Unlike shouting stereotypes such as the damsel in distress and the knight in shining armor-photographers in movies are more than just for camera tricks. That’s why instead of showing you the usual films by and about the greats like Diane Arbus, William Eggleston, or David LaChapelle—we want to share some movies with fictional photographers. After all, simultaneously seeing what is behind and in front the camera can make all the difference.
Richard Avedon was a designer and consultant for this film. If that’s not enough to make any photographer interested—the plot is about Dick Avery (Fred Astaire), a fashion photographer working with Maggie Prescott (Kay Thompson), publisher and editor of Quality magazine. Both are looking for a new intellectual look and then they find bookshop clerk Jo Stockton portrayed by no other than the beautiful Audrey Hepburn.
Yann Tiersen’s score is enough to capture your heart, but Jean-Pierre Jeunet’s character-driven narrative has more on its sleeve than sound bites. Despite Amélie’s eccentricities, she finds love in a man who collects abandoned passport photographs in photo booths. While this movie always makes it to arty lists, it’s not without a reason. It’s like a moving postcard of Paris without the stiffness of the said medium. Though not showing a photographer archetype per se, it offers an insightful look on man’s affinity to oddballs and obsessions.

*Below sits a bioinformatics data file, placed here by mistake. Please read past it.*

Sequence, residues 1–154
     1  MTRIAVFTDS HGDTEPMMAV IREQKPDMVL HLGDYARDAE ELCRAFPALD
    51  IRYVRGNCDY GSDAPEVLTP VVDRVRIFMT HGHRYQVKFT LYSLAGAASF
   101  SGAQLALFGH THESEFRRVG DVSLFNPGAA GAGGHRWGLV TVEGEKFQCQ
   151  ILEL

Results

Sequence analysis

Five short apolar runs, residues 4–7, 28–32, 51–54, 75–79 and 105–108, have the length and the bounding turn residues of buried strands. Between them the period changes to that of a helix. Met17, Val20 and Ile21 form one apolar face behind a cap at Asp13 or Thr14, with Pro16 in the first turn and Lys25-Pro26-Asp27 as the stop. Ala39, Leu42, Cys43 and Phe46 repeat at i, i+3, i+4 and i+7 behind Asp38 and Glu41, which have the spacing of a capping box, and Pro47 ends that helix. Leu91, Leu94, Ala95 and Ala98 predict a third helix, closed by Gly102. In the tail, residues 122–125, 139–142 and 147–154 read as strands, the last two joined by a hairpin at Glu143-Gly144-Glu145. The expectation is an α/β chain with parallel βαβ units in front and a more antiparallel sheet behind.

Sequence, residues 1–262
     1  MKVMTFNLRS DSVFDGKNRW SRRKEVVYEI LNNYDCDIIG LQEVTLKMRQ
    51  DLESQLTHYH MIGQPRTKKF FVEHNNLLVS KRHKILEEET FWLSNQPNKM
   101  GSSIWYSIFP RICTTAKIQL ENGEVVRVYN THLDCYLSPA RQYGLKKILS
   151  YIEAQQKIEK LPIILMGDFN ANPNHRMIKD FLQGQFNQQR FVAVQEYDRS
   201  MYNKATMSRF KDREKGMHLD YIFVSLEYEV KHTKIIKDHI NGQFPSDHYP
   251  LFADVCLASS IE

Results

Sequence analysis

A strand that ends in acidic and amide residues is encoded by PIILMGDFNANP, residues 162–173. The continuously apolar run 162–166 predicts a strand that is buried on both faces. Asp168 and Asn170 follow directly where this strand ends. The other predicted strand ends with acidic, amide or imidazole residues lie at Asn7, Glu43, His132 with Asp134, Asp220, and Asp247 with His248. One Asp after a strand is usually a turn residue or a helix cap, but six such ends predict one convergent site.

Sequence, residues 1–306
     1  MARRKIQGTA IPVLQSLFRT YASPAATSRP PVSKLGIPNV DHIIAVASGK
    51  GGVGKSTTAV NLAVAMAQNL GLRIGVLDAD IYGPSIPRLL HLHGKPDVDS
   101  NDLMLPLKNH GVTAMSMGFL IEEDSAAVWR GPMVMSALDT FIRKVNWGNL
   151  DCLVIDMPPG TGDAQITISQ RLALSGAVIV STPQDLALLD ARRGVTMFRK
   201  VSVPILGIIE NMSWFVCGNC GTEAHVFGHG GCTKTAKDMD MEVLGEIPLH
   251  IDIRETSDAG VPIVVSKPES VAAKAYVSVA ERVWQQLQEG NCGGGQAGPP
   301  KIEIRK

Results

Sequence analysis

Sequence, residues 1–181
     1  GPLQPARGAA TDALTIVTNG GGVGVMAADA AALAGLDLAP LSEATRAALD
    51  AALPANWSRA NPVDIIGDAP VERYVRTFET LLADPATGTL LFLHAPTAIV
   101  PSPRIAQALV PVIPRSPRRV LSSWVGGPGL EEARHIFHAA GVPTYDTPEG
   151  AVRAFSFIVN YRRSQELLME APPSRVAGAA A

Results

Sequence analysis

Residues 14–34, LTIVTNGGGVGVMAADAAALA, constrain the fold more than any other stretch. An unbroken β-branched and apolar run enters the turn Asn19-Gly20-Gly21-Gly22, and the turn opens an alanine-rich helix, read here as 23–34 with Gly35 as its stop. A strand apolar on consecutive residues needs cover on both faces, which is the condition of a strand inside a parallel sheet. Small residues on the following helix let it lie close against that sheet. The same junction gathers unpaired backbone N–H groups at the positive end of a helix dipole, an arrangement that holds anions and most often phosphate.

Lost In Translation
Sofia Coppola’s best work to date expresses alienation as Charlotte (Scarlett Johansson) accompanies her celebrity photographer boyfriend John (Giovanni Ribisi) in an assignment in Tokyo. John’s role is very minimal but his role captures today’s creative urbanite in a hotshot mission while he and Charlotte suffer the consequences of their commercial-crazed lives.
With the release of Green Hornet and upcoming release of Thor, X-Men: First Class, Green Lantern, and Transformers 3, you’ll be well hyped up for 2012’s The Amazing Spider-Man starring Andrew Garfield and Emma Stone. Remember, before Peter Parker was a hero, he was first a photographer. Indeed, this movie proves that photography has its own life-affirming effects.
Dubbed as a mod classic, Michelangelo Antonioni’s Cannes Grand Prix-winning work is about a British photographer’s entanglement in a murder caught on film. He realizes this upon blowing up his negatives. The movie tickles every photographer’s hunger for grit and adventure. What’s even amusing is how the protagonist’s lifestyle was prior to his involvement in the crime. Before hell broke loose, he was actually in a hedonistic heaven filled with dope, music, free love, and hip happenings.